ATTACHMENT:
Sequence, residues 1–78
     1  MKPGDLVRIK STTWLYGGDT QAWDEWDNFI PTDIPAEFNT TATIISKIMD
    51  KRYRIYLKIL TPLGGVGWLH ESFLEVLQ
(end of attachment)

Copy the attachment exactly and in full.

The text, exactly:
Sequence, residues 1–78
     1  MKPGDLVRIK STTWLYGGDT QAWDEWDNFI PTDIPAEFNT TATIISKIMD
    51  KRYRIYLKIL TPLGGVGWLH ESFLEVLQ